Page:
J500 Media and the Environment


Livin’ La Vida Loca-vore by Janie
February 6, 2009, 2:29 pm
Filed under: Food + Health | Tags: , ,

“Eww!  It’s staring at me!  That’s so gross.”  – quote courtesy of my sister, who will not be named.

In Taiwan, it is not unusual to be able to look into the eyes of what you’re consuming.  The farmer’s market beside my grandparent’s apartment is lined with whole carcasses of meat: chickens and ducks strung up like laundry on a line, fish and squid presented on  ice like aquatic champagne.  Hundred’s of eyes following you as you stroll amongst the fresh produce, soil and earth still on their leaves.

I know it sounds crazy, eating fish that looks like fish.  But doesn’t it sound crazier not to?

Our modern food industry caters our food ignorance with beef, chicken, fish, nicely packaged and minus heads and tails.  The slaughter and hormone-injection happen miles away and the distance washes the blood from our hands.  In our desires to separate the ourselves from the beasts, we have created a system not only environmentally harmful, threatening to our health, and perpetuating the fossil fuel problem, but has also created an unsustainable and anthrocentric world view.  The world has become our oyster, and we intend to consume it with a little thyme garnish.

So is eating locally the solution?  In a way, yes and no.  Eating locally, frequenting farmer’s markets, and buying from local farms can help support a food system that is more sustainable and beneficial to your health, the environment, and the local economy.  However, is it plausible for to support our current society on a local diet?  Behind the environmental, economical, and health issues lies the simple fact that a population of 7,000,000,000+ has to eat, and eat we shall until more dramatic, evident pressures arise that force us to change.

Janie Chen

photo from flickr.com

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7 Comments so far
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Your sister’s comment, and your question about eating an animal that looks *gasp* like that animal, points to one of the major disconnects in our society — and a disconnect that we who do not use animals (for food, clothing, testing, etc) would love more people to bridge. I think it much easier for the average consumer (whether or not they are buying locally) to do so without asking too many questions when they don’t have to connect Babe with the bacon or the family pet rabbit with the cleaning product in their shopping carts.

Comment by marybethw

After researching the local eating movement, I kind of came to the same conclusion: Obviously there are huge advantages for locavorism, but it’s just not totally plausible yet. I think food choices should lie in a combination of factors (locality, packaging, production process, etc.).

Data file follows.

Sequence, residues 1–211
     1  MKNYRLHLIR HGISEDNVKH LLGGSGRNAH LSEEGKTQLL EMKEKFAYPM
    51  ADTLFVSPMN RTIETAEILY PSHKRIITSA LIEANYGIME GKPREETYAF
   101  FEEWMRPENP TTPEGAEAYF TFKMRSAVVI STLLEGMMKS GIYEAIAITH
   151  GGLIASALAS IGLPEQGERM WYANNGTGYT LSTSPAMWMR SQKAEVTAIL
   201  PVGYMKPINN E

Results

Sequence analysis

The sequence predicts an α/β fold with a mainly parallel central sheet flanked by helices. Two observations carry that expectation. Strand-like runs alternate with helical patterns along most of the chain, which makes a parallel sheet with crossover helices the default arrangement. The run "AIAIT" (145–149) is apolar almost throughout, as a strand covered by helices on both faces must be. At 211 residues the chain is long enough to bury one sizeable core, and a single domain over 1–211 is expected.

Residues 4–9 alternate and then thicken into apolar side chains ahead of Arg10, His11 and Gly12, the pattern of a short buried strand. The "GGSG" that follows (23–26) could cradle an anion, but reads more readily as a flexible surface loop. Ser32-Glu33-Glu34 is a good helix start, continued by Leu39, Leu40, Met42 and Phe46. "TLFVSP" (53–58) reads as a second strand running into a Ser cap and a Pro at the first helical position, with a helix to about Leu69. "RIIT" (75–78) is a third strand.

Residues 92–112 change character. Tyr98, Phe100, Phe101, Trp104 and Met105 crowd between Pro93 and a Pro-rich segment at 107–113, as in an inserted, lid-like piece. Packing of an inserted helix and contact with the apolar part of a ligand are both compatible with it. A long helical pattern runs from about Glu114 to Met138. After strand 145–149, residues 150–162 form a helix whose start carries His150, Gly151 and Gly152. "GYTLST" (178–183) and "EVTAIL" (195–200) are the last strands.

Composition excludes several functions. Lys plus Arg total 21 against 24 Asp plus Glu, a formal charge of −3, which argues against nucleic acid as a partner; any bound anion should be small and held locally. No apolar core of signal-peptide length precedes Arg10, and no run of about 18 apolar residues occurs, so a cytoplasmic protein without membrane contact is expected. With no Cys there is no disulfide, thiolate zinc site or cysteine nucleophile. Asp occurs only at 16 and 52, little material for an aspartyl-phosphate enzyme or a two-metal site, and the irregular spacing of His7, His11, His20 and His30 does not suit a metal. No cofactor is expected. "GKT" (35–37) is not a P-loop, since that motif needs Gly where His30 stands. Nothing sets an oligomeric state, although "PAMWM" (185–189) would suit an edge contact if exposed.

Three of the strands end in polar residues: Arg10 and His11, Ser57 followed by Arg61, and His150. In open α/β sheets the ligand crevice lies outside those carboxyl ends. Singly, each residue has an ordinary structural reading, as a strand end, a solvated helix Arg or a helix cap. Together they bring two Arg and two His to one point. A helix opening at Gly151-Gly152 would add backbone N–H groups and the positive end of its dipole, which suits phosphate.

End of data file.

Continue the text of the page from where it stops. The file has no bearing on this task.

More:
Comment by jessicasb

Your comment on Matt’s post was so interesting! I never stopped to think about how far certain cultural foods travel in order to bring traditional tastes to diasporas all over the world.

Comment by brennad87

It is really scary to think about the world’s carrying capacity. You mention that it might not be possible to feed the entire population locally. But what about when we can no longer feed the entire population? We are growing so fast and though we are bending the environment by genetically engineering plants and medicating our beef, we will still reach a certain point when we just don’t have enough resources. And honestly– we might be hit by a curve ball in the system sooner than we hit carrying capacity. If one little thing goes wrong– say a corn blight develops– our man-made system could crash, leaving millions starving.

Comment by brennad87

Mary Beth,
I definitely think humans have lost their place in the world. We’ve removed ourselves so much from the environment around us. A great book I read this summer is “The Sacred Balance” by David Suzuki. It’s about rediscovering our place on earth in connection to all the other living organisms here. You should check it out!

Comment by janiec52

I definitely think the disconnect between meat and animals is a big part in out meat eating. The article Brian Welsh makes it clear how he thinks the connection to him and his animals is an important factor in his appreciation for the meat he eats. I feel like all these articles are making me scoot nearer to being a vegetarian!

Comment by amandat09

[…] meeting these farmers and gardeners and hearing their stories, I too suffered from a severe case of food disconnect.  I never realized how deep, how enjoyable and spiritual, our relationship with food […]

Pingback by This is the Story of a Seed « J500 Media and the Environment




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